Strategizing for Family and Community Involvement


About the Author


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My Topic/Purpose

In our world today, education is a business—whether we like it or not. As early childhood education professionals and teachers, our stakeholders are the families and communities that we serve. To fully understand the learners in our classrooms, we need to build respectful, reciprocal relationships with the people who surround our students in their every day lives beyond the school doors.


This mini-course will share research on the connection between family/community involvement and motivation/engagement in the classroom. Additionally, the link between child development and building of positive self-concepts surrounding education through family engagement will be discussed. With these backgrounds in place, you will find tools and resources to implement these strategies for fostering relationships with our stakeholders that may be applied within early childhood or elementary education classrooms.

Performance Objectives

After completing this course, you will be able to:

  • Given research and findings, describe the benefits of family and community involvement in the classroom.
  • Analyze the needs of the learners, families, and community members in their setting to determine what aspects of involvement will be most effective.
  • Compile a list of national and local resources and contacts that can aid in developing family and community involvement activities.
  • Design a family/community involvement activity or project to be used within their setting that can be shared with other educators.
  • Evaluate which factors of projects and methods of involvement have been successful by sharing findings in a discussion forum.

Mini-Course Units

Unit I: Establishing Purpose and Understanding Context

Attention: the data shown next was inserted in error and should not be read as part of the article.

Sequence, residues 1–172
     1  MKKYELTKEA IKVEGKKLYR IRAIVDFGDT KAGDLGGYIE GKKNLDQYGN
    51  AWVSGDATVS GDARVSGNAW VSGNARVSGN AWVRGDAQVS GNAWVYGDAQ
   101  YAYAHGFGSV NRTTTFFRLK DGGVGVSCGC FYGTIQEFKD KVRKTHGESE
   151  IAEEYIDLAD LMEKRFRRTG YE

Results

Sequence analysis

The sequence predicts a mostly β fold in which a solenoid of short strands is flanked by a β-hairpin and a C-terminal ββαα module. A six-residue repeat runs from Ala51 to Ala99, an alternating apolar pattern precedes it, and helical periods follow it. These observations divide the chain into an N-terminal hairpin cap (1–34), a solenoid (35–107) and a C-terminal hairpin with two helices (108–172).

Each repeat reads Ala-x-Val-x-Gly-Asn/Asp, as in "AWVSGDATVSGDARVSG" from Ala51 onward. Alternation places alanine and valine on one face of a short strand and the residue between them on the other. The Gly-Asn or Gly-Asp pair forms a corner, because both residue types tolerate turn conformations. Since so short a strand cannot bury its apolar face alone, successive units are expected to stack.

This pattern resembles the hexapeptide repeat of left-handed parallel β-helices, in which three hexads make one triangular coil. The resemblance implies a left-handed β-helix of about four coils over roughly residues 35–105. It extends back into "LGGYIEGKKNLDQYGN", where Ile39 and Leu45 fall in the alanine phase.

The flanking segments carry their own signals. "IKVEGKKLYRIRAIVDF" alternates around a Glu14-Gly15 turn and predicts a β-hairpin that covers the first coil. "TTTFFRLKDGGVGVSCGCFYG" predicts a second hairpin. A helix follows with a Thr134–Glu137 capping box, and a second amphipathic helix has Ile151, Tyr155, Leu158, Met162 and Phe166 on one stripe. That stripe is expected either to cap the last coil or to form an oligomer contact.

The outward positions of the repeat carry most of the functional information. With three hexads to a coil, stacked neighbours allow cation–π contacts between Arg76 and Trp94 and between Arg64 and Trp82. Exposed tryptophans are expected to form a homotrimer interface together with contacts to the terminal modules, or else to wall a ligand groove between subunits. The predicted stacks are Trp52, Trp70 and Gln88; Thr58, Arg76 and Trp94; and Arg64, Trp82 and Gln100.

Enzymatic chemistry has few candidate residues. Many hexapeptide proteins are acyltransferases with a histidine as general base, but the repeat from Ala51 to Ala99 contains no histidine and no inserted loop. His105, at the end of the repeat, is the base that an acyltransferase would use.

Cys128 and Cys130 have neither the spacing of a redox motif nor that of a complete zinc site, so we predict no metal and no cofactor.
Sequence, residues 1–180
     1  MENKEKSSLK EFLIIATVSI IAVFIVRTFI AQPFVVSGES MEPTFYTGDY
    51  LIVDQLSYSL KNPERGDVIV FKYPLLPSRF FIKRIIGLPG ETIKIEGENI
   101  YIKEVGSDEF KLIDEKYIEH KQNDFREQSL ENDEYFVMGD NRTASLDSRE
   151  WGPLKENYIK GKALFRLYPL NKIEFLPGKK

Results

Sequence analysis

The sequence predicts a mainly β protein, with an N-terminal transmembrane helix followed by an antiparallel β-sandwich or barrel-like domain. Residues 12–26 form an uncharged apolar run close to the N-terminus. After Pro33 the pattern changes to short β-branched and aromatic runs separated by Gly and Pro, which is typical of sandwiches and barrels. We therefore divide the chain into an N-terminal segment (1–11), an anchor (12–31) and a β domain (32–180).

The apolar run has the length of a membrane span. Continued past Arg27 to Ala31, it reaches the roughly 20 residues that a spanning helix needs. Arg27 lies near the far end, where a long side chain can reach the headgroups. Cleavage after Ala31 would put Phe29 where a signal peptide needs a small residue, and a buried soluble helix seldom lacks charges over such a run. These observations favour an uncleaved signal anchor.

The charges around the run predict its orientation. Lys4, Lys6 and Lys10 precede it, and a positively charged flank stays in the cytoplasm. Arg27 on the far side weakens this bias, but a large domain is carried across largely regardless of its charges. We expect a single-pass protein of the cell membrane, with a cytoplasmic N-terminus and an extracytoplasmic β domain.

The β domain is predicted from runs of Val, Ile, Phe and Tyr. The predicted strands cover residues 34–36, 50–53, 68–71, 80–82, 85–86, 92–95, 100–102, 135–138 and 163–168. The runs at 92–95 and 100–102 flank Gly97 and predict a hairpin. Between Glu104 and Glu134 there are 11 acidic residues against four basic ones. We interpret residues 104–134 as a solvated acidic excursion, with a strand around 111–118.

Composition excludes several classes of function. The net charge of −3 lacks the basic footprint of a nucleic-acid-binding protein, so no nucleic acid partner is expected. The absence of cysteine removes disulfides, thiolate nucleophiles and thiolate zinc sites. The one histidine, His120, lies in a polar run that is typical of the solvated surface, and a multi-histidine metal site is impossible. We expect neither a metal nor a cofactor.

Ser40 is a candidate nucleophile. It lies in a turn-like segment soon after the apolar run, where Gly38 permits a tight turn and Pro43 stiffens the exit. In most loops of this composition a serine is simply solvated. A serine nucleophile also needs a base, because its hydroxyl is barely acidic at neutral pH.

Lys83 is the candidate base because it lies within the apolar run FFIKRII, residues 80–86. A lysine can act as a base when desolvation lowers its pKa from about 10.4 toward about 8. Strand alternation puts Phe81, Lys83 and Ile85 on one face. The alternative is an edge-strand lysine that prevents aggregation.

• Examine research to identify the benefits of family and community involvement.
  • Build familiarity with Epstein's Framework of Six Types of Involvement.
  • Analyze and reflect on the needs of your classroom and learners, including but not limited to: age group, demographics, dual language learners.

Unit II: Exploring Opportunities and Creating Connections

  • Determine various strategies to use within specific setting and classroom context that will be effective to involve families.
  • Connect with national and local agencies or organizations that have opportunities for involvement.

Unit III: Executing a Plan of Action and Evaluating Results

  • Develop a “plan of action” to engage families and involve community members in their school/classroom culture.
  • Evaluate which factors of projects and methods of involvement have been successful by sharing findings in a discussion forum.

Additional Course Sections

References and Resources

Calman, L., & Tarr-Whelan, L. (2005). Early Childhood Education for All: A Wise Investment.

Clothier, S., & Poppe, J. (2015, January 1). Early Education as Economic Investment.

Halgunseth, L., Peterson, A., Stark, D., & Moodie, S. (2009, January 1). Family Engagement, Diverse Families and Early Childhood Education Programs: An Integrated Review of Literature. Retrieved March 12, 2015, from

Weiss, H., Caspe, M., & Lopez, M. (2006).Family Involvement Makes a Difference: Family Involvement in Early Childhood Education, 1(1), 1-8.

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